(This column is posted at www.StevenSavage.com, and Steve’s Tumblr)
Let’s talk Sprints and organization. If you’re new to my whole “Agile Life” thing, this is me using Agile (specifically Scrum) to make my life more productive and less stressful. Sprints are periods in Scrum used to choose – and do – work. It’s not linear planning, more “I can get X done in Y period.”
So I’m doing Scrum for my life, and my sprint is a month, not the traditional two weeks. I do this because my life has a monthly cadence, with monthly meetings, events, and the like. This also means I focus on value differently than if, say, I used two week sprints or the even more (insanely) daring one week sprint.
I have a larger timeframe, so I focus on more kinds of work (stories that deliver value) because I both can do more and have more to do. Thus where a two-week sprint might have me focusing on a generator, a monthly sprint may bring in more projects and work.
Because of my sprint size, I focus on value differently. I deliver multiple, unrelated kinds of value – where a smaller sprint may mean I focus on fewer kinds of value, and those are probably related. I’ve wondered if this dilutes my ability to focus, but also see some advantages.
Here’s an example:
- In the first two weeks of every month I have three professional meetups – maybe four. These meetups each take up an evening.
- If I have a monthly cadence then these big blocks aren’t as big a deal as I can fit tasks around them or just do some later. I have adaptability, but work might be diluted.
- If I have a two-week sprint, then I have to think more of what to accomplish in that time, working with those “block.” of time. I’ve got a bit of a tighter backlog, but the focus is on specific value. For instance maybe I’d make these two weeks even more “business” and do studying, etc.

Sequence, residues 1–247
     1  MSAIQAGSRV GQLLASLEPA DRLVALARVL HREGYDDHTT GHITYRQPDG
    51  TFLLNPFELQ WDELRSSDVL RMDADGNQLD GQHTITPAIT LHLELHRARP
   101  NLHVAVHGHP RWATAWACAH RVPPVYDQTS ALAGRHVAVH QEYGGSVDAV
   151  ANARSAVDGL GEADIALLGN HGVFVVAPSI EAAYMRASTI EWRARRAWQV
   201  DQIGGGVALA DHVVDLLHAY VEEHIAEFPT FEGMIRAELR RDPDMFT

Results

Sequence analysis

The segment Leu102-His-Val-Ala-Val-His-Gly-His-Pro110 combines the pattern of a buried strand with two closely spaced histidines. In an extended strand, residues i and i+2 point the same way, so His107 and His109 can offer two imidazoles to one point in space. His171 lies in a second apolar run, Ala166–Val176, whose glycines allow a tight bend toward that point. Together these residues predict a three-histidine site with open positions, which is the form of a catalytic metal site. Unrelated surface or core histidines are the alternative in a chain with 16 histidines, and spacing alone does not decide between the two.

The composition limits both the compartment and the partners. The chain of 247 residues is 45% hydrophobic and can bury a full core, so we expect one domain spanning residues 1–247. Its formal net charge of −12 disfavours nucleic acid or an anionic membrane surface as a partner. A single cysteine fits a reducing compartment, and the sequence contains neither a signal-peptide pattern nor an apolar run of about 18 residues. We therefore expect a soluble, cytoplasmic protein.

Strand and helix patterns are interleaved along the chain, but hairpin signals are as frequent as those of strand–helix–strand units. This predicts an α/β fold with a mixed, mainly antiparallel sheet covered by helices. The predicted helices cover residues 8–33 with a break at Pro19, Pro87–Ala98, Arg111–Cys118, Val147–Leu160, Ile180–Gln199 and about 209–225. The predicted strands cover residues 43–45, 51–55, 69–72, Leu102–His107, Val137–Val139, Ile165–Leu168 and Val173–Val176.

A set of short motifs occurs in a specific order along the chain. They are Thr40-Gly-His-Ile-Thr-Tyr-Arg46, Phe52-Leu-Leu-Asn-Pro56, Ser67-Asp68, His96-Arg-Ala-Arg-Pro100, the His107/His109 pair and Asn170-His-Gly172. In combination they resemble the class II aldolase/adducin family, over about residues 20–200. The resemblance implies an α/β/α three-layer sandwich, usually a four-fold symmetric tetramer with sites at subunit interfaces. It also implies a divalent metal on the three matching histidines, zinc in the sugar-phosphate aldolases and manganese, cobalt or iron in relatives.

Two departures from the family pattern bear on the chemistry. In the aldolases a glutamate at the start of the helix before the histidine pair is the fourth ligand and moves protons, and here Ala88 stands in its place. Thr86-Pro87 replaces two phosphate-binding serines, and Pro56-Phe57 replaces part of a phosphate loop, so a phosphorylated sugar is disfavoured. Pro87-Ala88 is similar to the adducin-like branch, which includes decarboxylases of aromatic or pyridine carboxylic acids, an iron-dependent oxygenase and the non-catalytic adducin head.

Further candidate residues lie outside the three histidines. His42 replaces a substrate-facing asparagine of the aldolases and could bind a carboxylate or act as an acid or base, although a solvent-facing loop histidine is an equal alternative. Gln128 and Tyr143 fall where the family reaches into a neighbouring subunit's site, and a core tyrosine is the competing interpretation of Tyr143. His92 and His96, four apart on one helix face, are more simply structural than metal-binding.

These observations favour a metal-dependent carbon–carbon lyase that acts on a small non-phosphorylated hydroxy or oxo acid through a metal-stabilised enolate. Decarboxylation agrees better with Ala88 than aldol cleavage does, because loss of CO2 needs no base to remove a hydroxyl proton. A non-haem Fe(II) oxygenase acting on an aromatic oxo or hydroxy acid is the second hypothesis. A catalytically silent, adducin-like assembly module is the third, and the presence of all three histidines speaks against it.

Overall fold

So smaller sprints means a narrower focus on value – and an opportunity to focus. Why not, I wonder, go by two-week sprints, and these “business blocks” could be enhanced if I also used that time to do studying for certifications, etc. However . . .
. .. this is also my life. That has a few complications:
- Some work is very hard to “block” like writing. That’s intellectually exhausting, and though I’d like to try, I’m not sure I’m going to, say, write an entire book in a two week block.
- This big picture lets me adapt easier because there’s more room to shift around. Because of the monthly cadence, I tend to “step on my own toes” less.
- My “life” commitments are a bit more variable than work. When’s the last time your boss suddenly visited and slept at your place? OK, don’t answer that.
Your life may be different, so you’ll have to find the sprint cadence that works for you. However, you might be surprised.
If you’re a Scrum Master or Coach, these “life Scrum” and “life Agile” experiences are valuable to develop empathy. By using these techniques in your life, you literally live them and live the roles of all members – Scrum Master, Team Member, Product Owner. Because of that, these experiences are burned into your brain in a visceral manner – next time your team debates value and sprint size, you’ll remember what it was like.